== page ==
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    Post hunter-gatherer populations do not show signs of pleistocene demographic expansions.

    Proc Natl Acad Sci U S A. 1999 Sep 14;96(19):10597-602. Related Articles, Links


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    Proc Natl Acad Sci U S A. 1999 Sep 14;96(19):10562-3.

    Why hunter-gatherer populations do not show signs of pleistocene demographic expansions.

    Excoffier L, Schneider S.

    Genetics and Biometry Laboratory, Department of Anthropology, University of Geneva, CP 24, 1211 Geneva 24, Switzerland. Laurent.Excoffier@anthro.unige.ch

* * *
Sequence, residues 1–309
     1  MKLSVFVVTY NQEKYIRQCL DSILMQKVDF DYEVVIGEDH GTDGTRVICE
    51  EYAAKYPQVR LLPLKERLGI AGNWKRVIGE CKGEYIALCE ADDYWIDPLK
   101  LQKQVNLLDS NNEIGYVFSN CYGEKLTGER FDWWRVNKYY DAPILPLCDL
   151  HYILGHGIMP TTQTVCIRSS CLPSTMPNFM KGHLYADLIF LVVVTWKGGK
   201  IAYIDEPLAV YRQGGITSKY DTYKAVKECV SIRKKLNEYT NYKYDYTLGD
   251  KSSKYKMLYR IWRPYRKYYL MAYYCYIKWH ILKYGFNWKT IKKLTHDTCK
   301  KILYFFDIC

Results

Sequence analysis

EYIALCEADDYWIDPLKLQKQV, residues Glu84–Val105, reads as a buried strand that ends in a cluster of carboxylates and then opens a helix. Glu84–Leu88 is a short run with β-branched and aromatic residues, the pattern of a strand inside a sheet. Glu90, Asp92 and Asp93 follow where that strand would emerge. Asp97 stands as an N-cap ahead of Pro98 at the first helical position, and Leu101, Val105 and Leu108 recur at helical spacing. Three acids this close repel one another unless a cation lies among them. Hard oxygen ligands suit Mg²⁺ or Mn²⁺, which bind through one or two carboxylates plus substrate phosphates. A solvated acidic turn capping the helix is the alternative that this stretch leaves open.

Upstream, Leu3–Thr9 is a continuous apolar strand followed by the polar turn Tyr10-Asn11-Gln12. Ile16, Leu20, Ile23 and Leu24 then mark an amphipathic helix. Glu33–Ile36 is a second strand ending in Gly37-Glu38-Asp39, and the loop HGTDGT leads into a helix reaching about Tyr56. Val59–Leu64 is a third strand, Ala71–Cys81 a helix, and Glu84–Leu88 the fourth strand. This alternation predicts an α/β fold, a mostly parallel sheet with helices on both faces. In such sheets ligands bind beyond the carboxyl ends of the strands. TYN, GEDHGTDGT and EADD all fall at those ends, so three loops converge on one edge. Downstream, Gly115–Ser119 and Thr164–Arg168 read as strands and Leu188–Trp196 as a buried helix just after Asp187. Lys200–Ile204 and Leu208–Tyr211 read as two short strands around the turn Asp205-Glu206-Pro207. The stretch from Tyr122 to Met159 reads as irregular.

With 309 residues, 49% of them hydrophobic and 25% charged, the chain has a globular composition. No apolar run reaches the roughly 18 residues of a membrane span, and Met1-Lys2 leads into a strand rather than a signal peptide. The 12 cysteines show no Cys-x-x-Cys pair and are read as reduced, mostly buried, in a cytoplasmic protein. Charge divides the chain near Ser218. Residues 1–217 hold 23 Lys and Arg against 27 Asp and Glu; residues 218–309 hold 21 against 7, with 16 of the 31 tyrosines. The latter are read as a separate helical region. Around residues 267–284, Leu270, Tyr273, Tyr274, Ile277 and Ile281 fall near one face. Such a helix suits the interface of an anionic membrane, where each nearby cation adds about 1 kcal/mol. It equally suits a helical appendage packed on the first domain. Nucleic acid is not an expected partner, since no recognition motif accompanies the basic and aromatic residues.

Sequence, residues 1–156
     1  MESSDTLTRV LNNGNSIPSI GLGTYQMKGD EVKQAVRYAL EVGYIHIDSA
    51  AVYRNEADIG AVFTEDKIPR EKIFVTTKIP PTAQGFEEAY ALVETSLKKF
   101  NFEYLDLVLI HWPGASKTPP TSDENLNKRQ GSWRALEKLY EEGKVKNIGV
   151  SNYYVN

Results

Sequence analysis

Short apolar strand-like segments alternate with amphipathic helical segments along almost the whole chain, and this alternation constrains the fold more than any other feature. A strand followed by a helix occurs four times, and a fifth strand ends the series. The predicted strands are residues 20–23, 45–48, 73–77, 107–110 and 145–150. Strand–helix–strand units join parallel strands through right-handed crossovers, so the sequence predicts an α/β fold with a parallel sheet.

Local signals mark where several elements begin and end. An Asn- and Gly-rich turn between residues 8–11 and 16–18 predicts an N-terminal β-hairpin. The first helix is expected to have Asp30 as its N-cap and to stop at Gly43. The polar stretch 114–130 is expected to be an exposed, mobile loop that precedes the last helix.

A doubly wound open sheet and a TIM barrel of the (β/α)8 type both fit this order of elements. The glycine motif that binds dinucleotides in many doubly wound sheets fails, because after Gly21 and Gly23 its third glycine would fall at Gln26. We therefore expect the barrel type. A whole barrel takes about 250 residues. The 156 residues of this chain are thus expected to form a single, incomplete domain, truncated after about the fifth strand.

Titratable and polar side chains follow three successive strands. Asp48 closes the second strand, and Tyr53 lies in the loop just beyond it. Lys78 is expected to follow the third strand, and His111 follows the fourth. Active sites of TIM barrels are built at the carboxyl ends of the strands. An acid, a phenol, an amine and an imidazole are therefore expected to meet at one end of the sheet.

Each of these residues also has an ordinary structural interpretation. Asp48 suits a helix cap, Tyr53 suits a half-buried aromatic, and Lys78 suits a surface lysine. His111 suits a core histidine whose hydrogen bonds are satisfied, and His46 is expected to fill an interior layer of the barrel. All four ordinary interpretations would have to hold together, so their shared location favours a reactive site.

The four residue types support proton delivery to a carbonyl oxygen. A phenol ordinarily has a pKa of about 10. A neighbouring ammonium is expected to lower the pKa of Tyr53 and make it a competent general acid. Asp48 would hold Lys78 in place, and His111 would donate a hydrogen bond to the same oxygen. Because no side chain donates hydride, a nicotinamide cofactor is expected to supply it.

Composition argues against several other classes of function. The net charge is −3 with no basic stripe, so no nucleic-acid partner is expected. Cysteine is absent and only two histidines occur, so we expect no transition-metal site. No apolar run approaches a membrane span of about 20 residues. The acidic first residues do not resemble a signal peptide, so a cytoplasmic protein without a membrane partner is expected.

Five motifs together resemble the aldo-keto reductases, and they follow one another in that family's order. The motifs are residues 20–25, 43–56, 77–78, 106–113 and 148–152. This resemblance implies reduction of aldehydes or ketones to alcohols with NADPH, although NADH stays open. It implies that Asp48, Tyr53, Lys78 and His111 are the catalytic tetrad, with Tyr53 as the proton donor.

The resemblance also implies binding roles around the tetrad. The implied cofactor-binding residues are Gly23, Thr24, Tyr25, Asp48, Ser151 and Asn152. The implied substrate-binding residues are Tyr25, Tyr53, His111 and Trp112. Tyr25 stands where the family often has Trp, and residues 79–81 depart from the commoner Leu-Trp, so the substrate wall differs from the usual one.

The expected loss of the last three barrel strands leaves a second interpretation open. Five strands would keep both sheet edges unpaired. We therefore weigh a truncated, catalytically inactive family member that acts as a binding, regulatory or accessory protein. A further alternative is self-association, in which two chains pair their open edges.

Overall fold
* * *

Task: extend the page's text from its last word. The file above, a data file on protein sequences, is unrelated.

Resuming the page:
The mitochondrial DNA diversity of 62 human population samples was examined for potential signals of population expansions. Stepwise expansion times were estimated by taking into account heterogeneity of mutation rates among sites. Assuming an mtDNA divergence rate of 33% per million years, most populations show signals of Pleistocene expansions at around 70,000 years (70 KY) ago in Africa and Asia, 55 KY ago in America, and 40 KY ago in Europe and the Middle East, whereas the traces of the oldest expansions are found in East Africa (110 KY ago for the Turkana). The genetic diversity of two groups of populations (most Amerindian populations and present-day hunter-gatherers) cannot be explained by a simple stepwise expansion model. A multivariate analysis of the genetic distances among 61 populations reveals that populations that did not undergo demographic expansions show increased genetic distances from other populations, confirming that the demography of the populations strongly affects observed genetic affinities. The absence of traces of Pleistocene expansions in present-day hunter-gatherers seems best explained by the occurrence of recent bottlenecks in those populations, implying a difference between Pleistocene (approximately 1,800 KY to 10 KY ago) and Holocene (10 KY to present) hunter-gatherers demographies, a difference that occurred after, and probably in response to, the Neolithic expansions of the other populations.